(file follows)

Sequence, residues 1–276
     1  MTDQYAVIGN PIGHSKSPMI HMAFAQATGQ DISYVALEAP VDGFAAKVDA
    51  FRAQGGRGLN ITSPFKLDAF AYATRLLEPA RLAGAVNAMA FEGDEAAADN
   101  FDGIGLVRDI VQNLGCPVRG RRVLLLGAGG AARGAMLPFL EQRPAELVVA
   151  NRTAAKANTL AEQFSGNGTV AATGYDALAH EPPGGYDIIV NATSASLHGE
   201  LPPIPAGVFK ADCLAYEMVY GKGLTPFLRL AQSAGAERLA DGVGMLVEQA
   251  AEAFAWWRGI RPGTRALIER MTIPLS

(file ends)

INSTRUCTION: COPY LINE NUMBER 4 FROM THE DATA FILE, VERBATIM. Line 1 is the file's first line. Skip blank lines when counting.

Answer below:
   101  FDGIGLVRDI VQNLGCPVRG RRVLLLGAGG AARGAMLPFL EQRPAELVVA